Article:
Bhakti took birth in Dravidian lands,
Ripened in Karnataka,
Came to womanhood in Maharashtra,
And grew crone-like in Gujarat,
Reaching Vrindavan, she re-emerged
A nubile young woman
Between the third centuries BC and AD were written thousands of verses in Tamil that have collectively come to be known as Sangam literature. The expressions of love between a man and a woman in these love poems gave way to passionate expressions of devotional love, where the heroine became the devotee and the hero became God.
The individual outpourings and the unfettered voices of these women refused to be drowned in the din of patriarchy, gathering momentum until this became a pan India movement.
In For the Love of God, Sandhya Mulchandani delves deep into historical accounts of these women who defied societal norms, and the strictures of both literature and religion, and fell in love with God.
Here are some voices from the book that are a force to be reckoned with!
The poetess was found as a baby near a Tulsi bush, and eventually ‘married’ Lord Ranaganatha. Her works are included in the ‘Nalayira Divya Prabandham’—a collection of 4000 Tamil verses. Andal is the only woman who is acknowledged to be an Alwar.
“Soon enough, Andal blossomed into a beautiful young woman but one who refused to marry anyone else but Lord Ranganatha, the reclining form of Lord Vishnu, who resided at the great temple town of Srirangam. Legend has it that again, one night, Lord Ranganatha appeared to Vishnuchitta and asked for Andal be sent to Him in all her wedding finery. Simultaneously, the Lord also appeared before the priests at Srirangam and asked them to prepare for the coming of Andal… It is said that Andal merged with her Lord in a blaze of light.”
The ghoul of Karaikal, she was one of only three women in the Saiva saints known as Nayanars. Born a beautiful woman, she came to identify herself as a peey (a ghoul) or Shiva’s gana, the impish, grotesque creatures who were part of His entourage. She was the first saint to have written verses to Shiva in Tamil.
“Paramadathan truthfully explained to those assembled that his wife was no ordinary woman, that she was a goddess, and he could only look to her as Ammaiyar (his mother). Understanding her husband’s dilemma, Punithavathi prayed to the Lord. Her prayer was thus immediately granted, and she was transformed into a withered skeleton-like crone. Shorn of her beauty and youth, she was set free from the trappings and expectations of society.”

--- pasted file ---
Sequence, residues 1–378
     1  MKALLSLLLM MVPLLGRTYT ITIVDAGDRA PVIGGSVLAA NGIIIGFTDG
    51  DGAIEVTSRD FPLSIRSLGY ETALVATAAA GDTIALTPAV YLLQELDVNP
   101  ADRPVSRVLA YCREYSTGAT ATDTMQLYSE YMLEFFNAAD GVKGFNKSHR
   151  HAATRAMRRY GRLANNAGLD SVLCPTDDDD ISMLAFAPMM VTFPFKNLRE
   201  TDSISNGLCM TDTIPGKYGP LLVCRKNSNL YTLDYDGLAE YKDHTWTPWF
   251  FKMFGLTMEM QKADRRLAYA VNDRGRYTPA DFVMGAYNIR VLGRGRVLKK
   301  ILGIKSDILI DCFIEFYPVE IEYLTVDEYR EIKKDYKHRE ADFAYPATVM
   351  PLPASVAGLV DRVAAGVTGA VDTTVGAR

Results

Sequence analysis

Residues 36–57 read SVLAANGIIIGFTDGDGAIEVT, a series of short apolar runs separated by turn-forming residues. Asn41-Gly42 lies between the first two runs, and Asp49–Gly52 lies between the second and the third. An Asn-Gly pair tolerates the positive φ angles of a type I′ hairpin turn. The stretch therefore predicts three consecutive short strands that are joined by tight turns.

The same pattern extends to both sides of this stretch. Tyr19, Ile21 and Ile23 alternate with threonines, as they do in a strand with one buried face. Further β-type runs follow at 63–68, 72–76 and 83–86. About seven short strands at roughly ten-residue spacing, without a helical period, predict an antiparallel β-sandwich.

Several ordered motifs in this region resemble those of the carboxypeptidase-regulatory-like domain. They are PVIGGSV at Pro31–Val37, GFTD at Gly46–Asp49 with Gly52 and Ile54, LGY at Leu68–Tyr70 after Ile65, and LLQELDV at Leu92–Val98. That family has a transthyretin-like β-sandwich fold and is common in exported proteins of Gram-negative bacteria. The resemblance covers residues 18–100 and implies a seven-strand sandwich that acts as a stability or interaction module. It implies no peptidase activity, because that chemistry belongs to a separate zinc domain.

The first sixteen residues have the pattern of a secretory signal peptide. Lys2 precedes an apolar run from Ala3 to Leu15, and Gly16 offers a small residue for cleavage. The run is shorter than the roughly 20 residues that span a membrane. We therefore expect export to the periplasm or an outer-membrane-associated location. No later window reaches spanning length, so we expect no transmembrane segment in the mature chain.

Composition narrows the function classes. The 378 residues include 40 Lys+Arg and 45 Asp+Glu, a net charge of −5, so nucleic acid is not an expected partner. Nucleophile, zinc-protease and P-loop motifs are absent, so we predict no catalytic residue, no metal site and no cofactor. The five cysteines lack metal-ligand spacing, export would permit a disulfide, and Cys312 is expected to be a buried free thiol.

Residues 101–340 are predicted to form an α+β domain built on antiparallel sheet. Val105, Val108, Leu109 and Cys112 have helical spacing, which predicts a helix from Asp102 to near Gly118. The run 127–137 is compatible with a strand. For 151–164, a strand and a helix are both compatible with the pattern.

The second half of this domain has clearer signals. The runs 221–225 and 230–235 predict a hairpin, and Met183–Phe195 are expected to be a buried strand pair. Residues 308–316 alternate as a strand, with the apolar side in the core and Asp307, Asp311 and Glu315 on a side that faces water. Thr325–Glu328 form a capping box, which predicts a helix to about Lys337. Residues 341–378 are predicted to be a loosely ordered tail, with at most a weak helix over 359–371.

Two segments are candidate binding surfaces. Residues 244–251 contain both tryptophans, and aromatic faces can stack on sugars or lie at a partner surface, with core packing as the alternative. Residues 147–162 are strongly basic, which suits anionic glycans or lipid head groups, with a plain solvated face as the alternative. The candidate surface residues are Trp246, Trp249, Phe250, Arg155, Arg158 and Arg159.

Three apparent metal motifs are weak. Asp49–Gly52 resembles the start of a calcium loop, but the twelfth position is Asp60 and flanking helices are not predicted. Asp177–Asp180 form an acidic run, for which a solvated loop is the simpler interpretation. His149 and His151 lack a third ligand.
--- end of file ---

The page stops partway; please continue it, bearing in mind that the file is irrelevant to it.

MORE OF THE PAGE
The naked mystic, Mahadevi was one of the most famous composers of vachanas. She was married to King Kaushika who was smitten by her beauty, but reserved her passion for Shiva. She eventually renounced royal life and joined the Vira Saivas.
“One day, frustrated with his unconsummated marriage, his uncommunicative wife and her stubborn rejection of him, the king goaded her, saying that while she kept rejecting him, everything she wore, ate and lived in belonged to him and not to Shiva. It is said that she immediately discarded everything, including her clothes, shocking the court and all the people around her.”
She along with her three male siblings—Nivruttinath, Gynandev and Sopandev—was responsible for laying the foundation of one of the best-known Bhakti cults in Maharashtra which strived for liberation from oppressive scriptural orthodoxy.
“When they saw the five-year-old Mukta, they shooed her away, believing that the little girl would be frightened seeing a dead body. Mukta however wanted to know why they were waiting outside and was told that they were waiting for Changdev to bring the dead body back to life. On hearing this, the little girl said that she too could wake it up. Running towards the dead body, she whispered ‘Vitthala Vitthala’ in its ears, and then she simply turned and walked away. The dead body immediately sat up and started chanting ‘Vitthala Vitthala’.”
The daughter of a potter, she was one of the first Telugu poetesses, and the creator of the first Telugu Ramayana, which brought her great renown in the court of Krishnadeva Raya.
“Molla’s Ramayana is of special significance because she audaciously chose to rework this timeless story in colloquial Telugu stating that if the reader could not easily understand the work, it would be like a dialogue between deaf-mute people. Written in both padyam (verse) and gadya (prose), she does not blindly follow Valmiki’s magnum opus. Taking liberties with the original, she adds fictional accounts while condensing portions that were too descriptive but goes on to write her own descriptions that are tongue-in-cheek when read in Telugu.”
Born into a family of courtesans, Kanhopatra was a prostitute who despite her famed beauty and charm longed for a life of piety. Persecuted by her father Sadashiva and a local potentate, she was finally granted the sanctuary of death at the feet of Lord Vitobha in Pandharpur.
“Meanwhile, Sadashiva, who had not given up his pursuit of Kanhopatra, sought the help of the Bahamani badshah of Bidar. Hearing numerous tales of her beauty, the badshah ordered for her to be brought to him. When she refused him too, the badshah sent his troops to bring her by force; he laid siege to the temple and threatened to destroy it if Kanhopatra was not handed over to him. Kanhopatra requested a last meeting with Vithoba before being taken. Although the circumstances are unclear, by all accounts, Kanhopatra died at the feet of the Vithoba image.”
Read about more such powerful female saints in For The Love of God